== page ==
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Connectionist Learning Procedures
 ARTIFICIAL INTELLIGENCE
, 1989
"... A major goal of research on networks of neuronlike processing units is to discover efficient learning procedures that allow these networks to construct complex internal representations of their environment. The learning procedures must be capable of modifying the connection strengths in such a way ..."
Abstract

Cited by 338 (6 self)
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A major goal of research on networks of neuronlike processing units is to discover efficient learning procedures that allow these networks to construct complex internal representations of their environment. The learning procedures must be capable of modifying the connection strengths in such a way that internal units which are not part of the input or output come to represent important features of the task domain. Several interesting gradientdescent procedures have recently been discovered. Each connection computes the derivative, with respect to the connection strength, of a global measure of the error in the performance of the network. The strength is then adjusted in the direction that decreases the error. These relatively simple, gradientdescent learning procedures work well for small tasks and the new challenge is to find ways of improving their convergence rate and their generalization abilities so that they can be applied to larger, more realistic tasks.
Modal Matching for Correspondence and Recognition
 IEEE Transactions on Pattern Analysis and Machine Intelligence
, 1995
"... Modal matching is a new method for establishing correspondences and computing canonical descriptions. The method is based on the idea of describing objects in terms of generalized symmetries, as defined by each object's eigenmodes. The resulting modal description is used for object recognition and c ..."
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Cited by 181 (6 self)
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Modal matching is a new method for establishing correspondences and computing canonical descriptions. The method is based on the idea of describing objects in terms of generalized symmetries, as defined by each object's eigenmodes. The resulting modal description is used for object recognition and categorization, where shape similarities are expressed as the amounts of modal deformation energy needed to align the two objects. In general, modes provide a globaltolocal ordering of shape deformation and thus allow for selecting which types of deformations are used in object alignment and comparison. In contrast to previous techniques, which required correspondence to be computed with an initial or prototype shape, modal matching utilizes a new type of finite element formulation that allows for an object's eigenmodes to be computed directly from available image information. This improved formulation provides greater generality and accuracy, and is applicable to data of any dimensionality. Correspondence results with 2D contour and point feature data are shown, and recognition experiments with 2D images of hand tools and airplanes are described.
Single Lens Stereo with a Plenoptic Camera
, 1992
"... Ordinary cameras gather light across the area of their lens aperture, and the light striking a given subregion of the aperture is structured somewhat differently than the light striking an adjacent subregion. By analyzing this optical structure, one can infer the depths of objects in the scene, i.e. ..."
Abstract

Cited by 114 (0 self)
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Ordinary cameras gather light across the area of their lens aperture, and the light striking a given subregion of the aperture is structured somewhat differently than the light striking an adjacent subregion. By analyzing this optical structure, one can infer the depths of objects in the scene, i.e., one can achieve "single lens stereo." We describe a novel camera for performing this analysis. It incorporates a single main lens along with a lenticular array placed at the sensor plane. The resulting "plenoptic camera" provides information about how the scene would look when viewed from a continuum of possible viewpoints bounded by the main lens aperture. Deriving depth information is simpler than in a binocular stereo system because the correspondence problem is minimized. The camera extracts information about both horizontal and vertical parallax, which improves the reliability of the depth estimates.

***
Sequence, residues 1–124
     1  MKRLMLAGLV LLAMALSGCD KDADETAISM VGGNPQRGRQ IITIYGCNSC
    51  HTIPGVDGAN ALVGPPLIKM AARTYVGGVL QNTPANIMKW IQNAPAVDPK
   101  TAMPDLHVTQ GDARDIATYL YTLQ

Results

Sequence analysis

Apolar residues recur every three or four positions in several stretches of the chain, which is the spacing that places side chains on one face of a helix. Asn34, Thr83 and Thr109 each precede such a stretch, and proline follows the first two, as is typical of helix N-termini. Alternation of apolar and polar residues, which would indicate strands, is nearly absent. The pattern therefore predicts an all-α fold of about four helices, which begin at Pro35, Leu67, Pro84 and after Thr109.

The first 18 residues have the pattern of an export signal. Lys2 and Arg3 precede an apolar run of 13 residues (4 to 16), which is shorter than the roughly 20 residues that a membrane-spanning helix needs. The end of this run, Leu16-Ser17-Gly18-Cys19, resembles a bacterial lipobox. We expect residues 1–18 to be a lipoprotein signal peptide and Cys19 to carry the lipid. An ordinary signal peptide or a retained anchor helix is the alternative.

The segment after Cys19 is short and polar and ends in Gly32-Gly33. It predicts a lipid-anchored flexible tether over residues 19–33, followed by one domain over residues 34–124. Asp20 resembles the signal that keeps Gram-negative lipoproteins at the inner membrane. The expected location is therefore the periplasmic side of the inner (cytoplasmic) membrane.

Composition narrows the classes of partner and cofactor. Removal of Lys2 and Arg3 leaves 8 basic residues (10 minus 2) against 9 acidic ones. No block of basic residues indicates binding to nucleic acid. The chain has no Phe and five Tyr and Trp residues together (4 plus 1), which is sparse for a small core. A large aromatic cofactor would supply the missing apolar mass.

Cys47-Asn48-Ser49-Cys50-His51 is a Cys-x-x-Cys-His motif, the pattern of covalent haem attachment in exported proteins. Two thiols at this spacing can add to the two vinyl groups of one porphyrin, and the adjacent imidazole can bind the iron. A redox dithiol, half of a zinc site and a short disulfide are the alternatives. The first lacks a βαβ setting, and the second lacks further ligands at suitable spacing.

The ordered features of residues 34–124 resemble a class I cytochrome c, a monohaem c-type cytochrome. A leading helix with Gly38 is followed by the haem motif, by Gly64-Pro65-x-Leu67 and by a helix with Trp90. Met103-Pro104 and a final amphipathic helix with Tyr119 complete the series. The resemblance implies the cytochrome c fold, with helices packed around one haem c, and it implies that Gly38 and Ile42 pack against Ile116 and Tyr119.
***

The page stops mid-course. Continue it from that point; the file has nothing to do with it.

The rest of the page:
Using a Deformable Surface Model to Obtain a Shape Representation of the Cortex
 IEEE Trans. Med. Imag
, 1996
"... The problem of obtaining a mathematical representation of the cortex of the human brain is examined. A parametrization of the outer cortex is first obtained using a deformable surface algorithm which, motivated by the structure of the cortex, is constructed to find the central layer of thick surface ..."
Abstract

Cited by 87 (11 self)
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The problem of obtaining a mathematical representation of the cortex of the human brain is examined. A parametrization of the outer cortex is first obtained using a deformable surface algorithm which, motivated by the structure of the cortex, is constructed to find the central layer of thick surfaces. Based on this parametrization, a hierarchical representation of the cortical structure is proposed through its depth map and its curvature maps at various scales. Various experiments on magnetic resonance data are presented. I. Introduction The problem of finding and parametrizing boundaries in two and threedimensional images is often an important step toward shape visualization and analysis, and has been extensively studied in the image analysis and computer vision literature. Several methods have been proposed, basedboth on bottomup and topbottom procedures. One very promising model which combines robustness to noise and the flexibility to represent a broad class of shapes is base...
Cooperative Robust Estimation Using Layers of Support
 IEEE Transactions on Pattern Analysis and Machine Intelligence
, 1991
"... We present an approach to the problem of representing images that contain multiple objects or surfaces. Rather than use an edgebased approach to represent the segmentation of a scene, we propose a multilayer estimation framework which uses support maps to represent the segmentation of the image in ..."
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Cited by 85 (5 self)
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We present an approach to the problem of representing images that contain multiple objects or surfaces. Rather than use an edgebased approach to represent the segmentation of a scene, we propose a multilayer estimation framework which uses support maps to represent the segmentation of the image into homogeneous chunks. This supportbased approach can represent objects that are split into disjoint regions, or have surfaces that are transparently interleaved. Our framework is based on an extension of robust estimation methods which provide a theoretical basis for supportbased estimation. The Minimum Description Length principle is used to decide how many support maps to use in describing a particular image. We show results applying this framework to heterogeneous interpolation and segmentation tasks on range and motion imagery. 1 Introduction Realworld perceptual systems must deal with complicated and cluttered environments. To succeed in such environments, a system must be able to r...